This podcast is all about the unspoken communications of body language. Here is the transcript/blog containing the details of this Be Better With Tracy Heatley podcast.
Management consultant and author, Peter Drucker said, “The most important thing in communication is hearing what isn’t said.
This is so true when it comes to networking. You may not get a second chance to make a first impression, so let’s make that first impression count.
Here is how to take your networking FEARS away through body language. These will help you communicate the right message and convey a ‘let us do business’ attitude.
Using the FEARS acronym, let us now focus on face, eyes, arms, rapport and stance.
Your face is usually the first thing that people see, and many people, particularly those who are very perceptive will notice subtle expressions and characteristics. Some people find it easy to hide emotions, whilst other people naturally seem to wear their heart on their sleeve. Either way, when you’re networking, it’s important that you leave any challenges or misgivings at the door. Metaphorically speaking of course!
A smile goes a long way to reaching out to people. After all, we all smile in the same language. Avoid frowning where possible. I know for some people this is not always easy. Particularly if you frown while you’re concentrating, perhaps one what someone is saying to you, for example. However, do be aware of this.
Also think about being tension free when you enter a networking event or meeting. Often tension shows in your face and radiates throughout your body. Whether you mean to or not, you could make other people feel tense. Being mindful of this is the first step. Speaking of being mindful, learn some positive anchoring or calming techniques that you can use before you enter the meeting.
I’ve heard it said that the eyes are the mirror of the soul. I guess what that means is that sometimes, particularly if you’ve got strong emotional intelligence skills, it’s easy to read someone by their eyes. If you’re a very visual person, you will naturally find it easy to make eye contact with people. However, not everyone does. If you are someone who either hasn’t thought about the relevance of eye contact or you struggle with it, please don’t’ worry about it.
We’re All Different
We’re all different, and with practise, even if it doesn’t come naturally, it is a communications skill that you can learn and improve upon. When I’m working with my networking and communications training clients, we spend a lot of time establishing communications styles, the impact of them and how you can adapt to build a better rapport. So, if you are thinking about doing my one of my training courses, you’ll learn advanced skills in this area. However, even if you’re not training with me, you can still practise making eye contact.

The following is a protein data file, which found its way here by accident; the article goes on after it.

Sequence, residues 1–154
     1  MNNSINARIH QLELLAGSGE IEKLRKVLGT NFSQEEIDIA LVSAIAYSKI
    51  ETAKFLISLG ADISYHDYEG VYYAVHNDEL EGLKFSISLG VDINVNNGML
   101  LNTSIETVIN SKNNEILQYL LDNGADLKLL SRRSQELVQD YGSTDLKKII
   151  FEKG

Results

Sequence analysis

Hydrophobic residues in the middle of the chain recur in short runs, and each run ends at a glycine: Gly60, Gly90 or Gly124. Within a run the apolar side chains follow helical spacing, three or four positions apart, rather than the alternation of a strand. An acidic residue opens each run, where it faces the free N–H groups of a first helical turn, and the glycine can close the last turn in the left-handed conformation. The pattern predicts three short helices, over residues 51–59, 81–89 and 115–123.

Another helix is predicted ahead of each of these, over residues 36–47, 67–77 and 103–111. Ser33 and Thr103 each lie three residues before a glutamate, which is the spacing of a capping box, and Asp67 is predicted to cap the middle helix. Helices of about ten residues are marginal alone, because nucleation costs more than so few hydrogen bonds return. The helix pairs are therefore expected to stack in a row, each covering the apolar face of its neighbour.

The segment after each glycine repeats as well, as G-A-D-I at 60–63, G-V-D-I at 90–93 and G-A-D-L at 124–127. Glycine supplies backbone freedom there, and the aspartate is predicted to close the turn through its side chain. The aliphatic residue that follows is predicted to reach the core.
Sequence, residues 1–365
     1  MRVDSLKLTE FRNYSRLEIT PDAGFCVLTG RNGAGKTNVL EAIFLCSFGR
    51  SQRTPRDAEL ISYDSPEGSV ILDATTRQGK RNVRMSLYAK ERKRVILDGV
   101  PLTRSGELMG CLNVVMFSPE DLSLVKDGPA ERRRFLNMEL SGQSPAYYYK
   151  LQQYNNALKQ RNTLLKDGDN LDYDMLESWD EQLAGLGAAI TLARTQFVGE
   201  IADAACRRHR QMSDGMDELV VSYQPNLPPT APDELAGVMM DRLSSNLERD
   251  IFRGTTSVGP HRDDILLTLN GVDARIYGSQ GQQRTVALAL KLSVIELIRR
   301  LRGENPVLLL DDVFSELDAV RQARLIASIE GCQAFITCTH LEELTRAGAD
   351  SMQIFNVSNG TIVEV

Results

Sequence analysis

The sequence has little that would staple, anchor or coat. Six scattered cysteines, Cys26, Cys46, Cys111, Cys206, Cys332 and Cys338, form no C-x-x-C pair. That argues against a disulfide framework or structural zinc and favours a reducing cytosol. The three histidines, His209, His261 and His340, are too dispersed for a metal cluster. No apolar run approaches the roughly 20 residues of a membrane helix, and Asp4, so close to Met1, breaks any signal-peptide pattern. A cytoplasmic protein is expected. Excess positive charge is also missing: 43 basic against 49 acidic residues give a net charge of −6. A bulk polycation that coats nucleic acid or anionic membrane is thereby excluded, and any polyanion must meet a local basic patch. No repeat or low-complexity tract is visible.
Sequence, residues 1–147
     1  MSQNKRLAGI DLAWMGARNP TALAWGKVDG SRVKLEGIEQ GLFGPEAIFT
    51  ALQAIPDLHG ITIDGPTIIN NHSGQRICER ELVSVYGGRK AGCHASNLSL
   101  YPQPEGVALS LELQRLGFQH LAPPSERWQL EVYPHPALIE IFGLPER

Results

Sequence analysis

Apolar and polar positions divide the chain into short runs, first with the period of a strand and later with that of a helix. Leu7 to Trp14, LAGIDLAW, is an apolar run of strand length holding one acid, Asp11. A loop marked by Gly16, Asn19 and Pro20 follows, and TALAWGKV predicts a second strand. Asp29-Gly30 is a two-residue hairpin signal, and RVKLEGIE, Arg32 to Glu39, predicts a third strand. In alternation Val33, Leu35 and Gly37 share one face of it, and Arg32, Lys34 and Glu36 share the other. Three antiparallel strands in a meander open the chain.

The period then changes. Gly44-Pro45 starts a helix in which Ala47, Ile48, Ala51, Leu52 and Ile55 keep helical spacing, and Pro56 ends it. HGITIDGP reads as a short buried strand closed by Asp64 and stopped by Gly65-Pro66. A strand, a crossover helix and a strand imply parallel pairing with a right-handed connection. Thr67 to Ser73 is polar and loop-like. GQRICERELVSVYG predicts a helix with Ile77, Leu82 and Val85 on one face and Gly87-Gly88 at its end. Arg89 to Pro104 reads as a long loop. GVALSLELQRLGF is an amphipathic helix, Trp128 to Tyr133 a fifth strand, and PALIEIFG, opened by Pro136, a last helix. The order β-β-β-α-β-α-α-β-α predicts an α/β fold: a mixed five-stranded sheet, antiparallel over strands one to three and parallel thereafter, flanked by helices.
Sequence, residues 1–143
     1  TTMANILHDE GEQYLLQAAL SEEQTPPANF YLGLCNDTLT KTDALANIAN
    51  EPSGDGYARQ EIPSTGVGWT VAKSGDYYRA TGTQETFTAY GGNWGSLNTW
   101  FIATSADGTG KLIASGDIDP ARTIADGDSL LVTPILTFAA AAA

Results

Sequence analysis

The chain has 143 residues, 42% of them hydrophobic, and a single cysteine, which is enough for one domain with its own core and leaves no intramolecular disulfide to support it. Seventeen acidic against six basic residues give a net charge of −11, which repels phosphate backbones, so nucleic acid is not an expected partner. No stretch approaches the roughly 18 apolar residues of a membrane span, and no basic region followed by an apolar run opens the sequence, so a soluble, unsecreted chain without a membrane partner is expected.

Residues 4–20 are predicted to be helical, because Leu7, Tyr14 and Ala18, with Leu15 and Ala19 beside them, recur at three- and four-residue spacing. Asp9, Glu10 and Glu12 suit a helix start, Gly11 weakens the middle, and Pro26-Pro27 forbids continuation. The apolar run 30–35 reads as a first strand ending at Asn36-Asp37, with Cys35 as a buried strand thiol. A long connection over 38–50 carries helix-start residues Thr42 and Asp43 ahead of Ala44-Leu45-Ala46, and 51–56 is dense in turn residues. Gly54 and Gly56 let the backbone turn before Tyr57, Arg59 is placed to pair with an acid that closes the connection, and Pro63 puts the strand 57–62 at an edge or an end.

Learn to be focused on the person you’re talking to and remember that for some people, it’s important you look at them in order for them to believe that you’re listening too to too them. If you do find it difficult to maintain eye contact, at the very least do keep glancing at the person or group of people that you’re communicating with.
If you’re networking online do keep focused, if you’re looking down on your phone, looking away at another screen or simply listening in, whilst doing other work, your eyes will give it away. Even on Team or Zoom, your eyes will show if you’re there in the moment or you’re distracted, so let your eyes portray the message you want them to.
Have you ever looked at someone and made an assumption about what kind of a mood they’re in or if they’re open to talking to you? I know I have. And I know I’m not alone. Whether we like it or not, our mood shines through our body language, so if you’ve had a bad day so far or you’re not in a great mood, right now, you can change that, just by changing your physiology.
Your Arms Tell A Story
This is why your arms are crucial to networking and communications success. Your arms tell a story. They let the other person or people you’re networking with know if you’re approachable or not. Whether you’re open to discussion or not. If you’re friendly or not. Regardless if you actually want to be there or not. Don’t get me wrong, I’m not suggesting that you may be closed, unfriendly or ignorant. However, it’s how you’re perceived by others that counts, not necessarily how you perceive yourself that counts.
Imagine for a second that you saw someone who you wanted to speak to, and they had their arms folded, what would your perception be? Now imagine a situation where the person you want to speak to is literally welcoming you with open arms. As you notice the difference in your perception now, and observe this different perception, do spot the impact that this can have.
I’m not suggesting that you welcome everyone with open arms, but what I am suggesting that as you become more and more mindful of your arms and the message you’re sending out to others, adjust your arms to suite the situation. Even by having your arms by your side, with palms open, you’re portraying a greater sense of openness and friendless ness than you know right now.
Using Your Arms And Hands
I can’t quite remember which business article I was reading when I saw this, but there was a ‘Ted Talks’ article about some research that had been completed to do with professional speakers, and the ones who used their arms more whilst delivered a speech were more successful. Therefore, I think it’s reasonable to suggest that using your arms and hands when networking is vital. Whilst there isn’t enough time to go into great details during this particular podcast, I would like to give you a few tips and observations that may help you.